'The region needs you more than ever': Dan Berger in an open letter to #dctech - Technical.ly DC

Creative

Nov. 15, 2016 7:32 am

‘The region needs you more than ever’: Dan Berger in an open letter to #dctech

The Social Tables CEO is encouraging members of the community to stay invested in D.C.

Capitol views.

(Photo by Tajha Chappellet-Lanier)

Fearful of what a Donald Trump presidency will mean for D.C. as a city? You’re not alone. After all, nearly 93 percent of the District voted for Hillary Clinton

In an article published on Sunday, the New York Times detailed fears held by various District residents that the city will lose its new and growing “cool” factor under Trump. “I’m worried about people not wanting to come here because of the image they have of the Trump administration,” former D.C. Mayor Vincent Gray told the Times. The piece went on to interview a young graphic designer who expressed her intention to move to New York given the results of the election.

But one #dctech founder, at least, is urging members of D.C.’s creative economy to stay, and continue their work. Dan Berger, CEO of Social Tables, published an open letter to the #dctech community on Medium on Monday — “The region needs you more than ever,” he wrote.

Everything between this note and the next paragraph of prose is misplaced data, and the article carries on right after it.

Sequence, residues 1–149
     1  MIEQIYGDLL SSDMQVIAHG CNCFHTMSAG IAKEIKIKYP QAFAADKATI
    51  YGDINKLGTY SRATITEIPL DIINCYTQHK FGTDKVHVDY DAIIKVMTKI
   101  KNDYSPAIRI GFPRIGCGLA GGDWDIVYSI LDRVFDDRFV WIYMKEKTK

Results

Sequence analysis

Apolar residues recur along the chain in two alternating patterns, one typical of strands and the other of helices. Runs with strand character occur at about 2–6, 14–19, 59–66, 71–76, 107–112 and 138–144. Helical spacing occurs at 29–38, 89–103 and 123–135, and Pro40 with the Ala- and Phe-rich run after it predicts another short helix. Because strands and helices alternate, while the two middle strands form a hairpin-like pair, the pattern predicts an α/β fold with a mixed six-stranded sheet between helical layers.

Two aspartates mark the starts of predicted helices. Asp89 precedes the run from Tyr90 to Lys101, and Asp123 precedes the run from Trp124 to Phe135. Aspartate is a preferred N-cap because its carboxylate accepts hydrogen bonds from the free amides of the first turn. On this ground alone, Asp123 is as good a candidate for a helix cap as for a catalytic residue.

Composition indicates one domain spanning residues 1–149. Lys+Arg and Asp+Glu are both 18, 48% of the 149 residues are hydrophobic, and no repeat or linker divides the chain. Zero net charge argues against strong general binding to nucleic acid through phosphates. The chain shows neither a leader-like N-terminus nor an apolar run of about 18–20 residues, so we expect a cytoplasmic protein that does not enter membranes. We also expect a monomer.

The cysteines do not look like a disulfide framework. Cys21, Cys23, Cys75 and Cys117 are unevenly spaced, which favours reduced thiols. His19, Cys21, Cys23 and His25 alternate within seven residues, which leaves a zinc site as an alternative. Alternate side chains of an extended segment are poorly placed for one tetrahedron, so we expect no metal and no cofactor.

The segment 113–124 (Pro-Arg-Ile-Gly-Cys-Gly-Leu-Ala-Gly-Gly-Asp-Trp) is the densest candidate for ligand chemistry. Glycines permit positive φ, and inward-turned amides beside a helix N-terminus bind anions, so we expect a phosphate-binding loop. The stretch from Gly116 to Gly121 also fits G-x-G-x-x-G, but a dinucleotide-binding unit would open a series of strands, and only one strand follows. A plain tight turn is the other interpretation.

“Thanks, in part, to our community, D.C. is much more than the ‘government town’ it once was,” the letter continues. “We’ve helped enable the city’s growing foodie scene, transform its neighborhoods, and, most importantly, diversify its economy by building new businesses. The renaissance we’ve sparked has only begun and we must carry its momentum forward, regardless of who is residing in the White House.”

So that’s Berger’s plea — stay, #dctech creatives. Stay invested, stay innovative.

And it’s a rousing open letter. Far be it from us to do anything but encourage people to continue bringing their dreams and aspirations to this city. But there’s a point we’d like to consider, in response to both Berger’s letter and the Times piece: people who are actually from D.C. might take issue with the suggestion, however subtle, that D.C. wasn’t a “world-class city” before gentrification made it one.

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